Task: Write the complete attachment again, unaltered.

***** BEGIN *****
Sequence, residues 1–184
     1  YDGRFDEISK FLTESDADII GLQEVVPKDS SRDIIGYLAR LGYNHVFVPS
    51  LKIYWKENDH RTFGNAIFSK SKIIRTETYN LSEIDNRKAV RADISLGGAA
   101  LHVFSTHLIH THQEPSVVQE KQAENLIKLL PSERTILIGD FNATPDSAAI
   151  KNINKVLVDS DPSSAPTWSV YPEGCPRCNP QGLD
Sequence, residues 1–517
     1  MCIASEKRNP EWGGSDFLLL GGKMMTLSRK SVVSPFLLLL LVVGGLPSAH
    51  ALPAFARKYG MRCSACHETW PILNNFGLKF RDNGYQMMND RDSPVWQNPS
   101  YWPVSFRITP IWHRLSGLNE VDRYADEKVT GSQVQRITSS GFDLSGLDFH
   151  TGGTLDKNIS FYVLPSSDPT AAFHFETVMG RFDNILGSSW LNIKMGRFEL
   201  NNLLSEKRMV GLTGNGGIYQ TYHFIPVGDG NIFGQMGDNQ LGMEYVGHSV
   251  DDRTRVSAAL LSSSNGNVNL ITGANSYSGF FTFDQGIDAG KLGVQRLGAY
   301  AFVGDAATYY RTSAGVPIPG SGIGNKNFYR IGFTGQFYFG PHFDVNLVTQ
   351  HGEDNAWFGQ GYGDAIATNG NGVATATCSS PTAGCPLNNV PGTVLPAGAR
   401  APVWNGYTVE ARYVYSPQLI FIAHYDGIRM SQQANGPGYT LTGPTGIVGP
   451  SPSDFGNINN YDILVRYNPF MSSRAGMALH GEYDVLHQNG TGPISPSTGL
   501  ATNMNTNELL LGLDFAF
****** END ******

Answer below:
Sequence, residues 1–184
     1  YDGRFDEISK FLTESDADII GLQEVVPKDS SRDIIGYLAR LGYNHVFVPS
    51  LKIYWKENDH RTFGNAIFSK SKIIRTETYN LSEIDNRKAV RADISLGGAA
   101  LHVFSTHLIH THQEPSVVQE KQAENLIKLL PSERTILIGD FNATPDSAAI
   151  KNINKVLVDS DPSSAPTWSV YPEGCPRCNP QGLD
Sequence, residues 1–517
     1  MCIASEKRNP EWGGSDFLLL GGKMMTLSRK SVVSPFLLLL LVVGGLPSAH
    51  ALPAFARKYG MRCSACHETW PILNNFGLKF RDNGYQMMND RDSPVWQNPS
   101  YWPVSFRITP IWHRLSGLNE VDRYADEKVT GSQVQRITSS GFDLSGLDFH
   151  TGGTLDKNIS FYVLPSSDPT AAFHFETVMG RFDNILGSSW LNIKMGRFEL
   201  NNLLSEKRMV GLTGNGGIYQ TYHFIPVGDG NIFGQMGDNQ LGMEYVGHSV
   251  DDRTRVSAAL LSSSNGNVNL ITGANSYSGF FTFDQGIDAG KLGVQRLGAY
   301  AFVGDAATYY RTSAGVPIPG SGIGNKNFYR IGFTGQFYFG PHFDVNLVTQ
   351  HGEDNAWFGQ GYGDAIATNG NGVATATCSS PTAGCPLNNV PGTVLPAGAR
   401  APVWNGYTVE ARYVYSPQLI FIAHYDGIRM SQQANGPGYT LTGPTGIVGP
   451  SPSDFGNINN YDILVRYNPF MSSRAGMALH GEYDVLHQNG TGPISPSTGL
   501  ATNMNTNELL LGLDFAF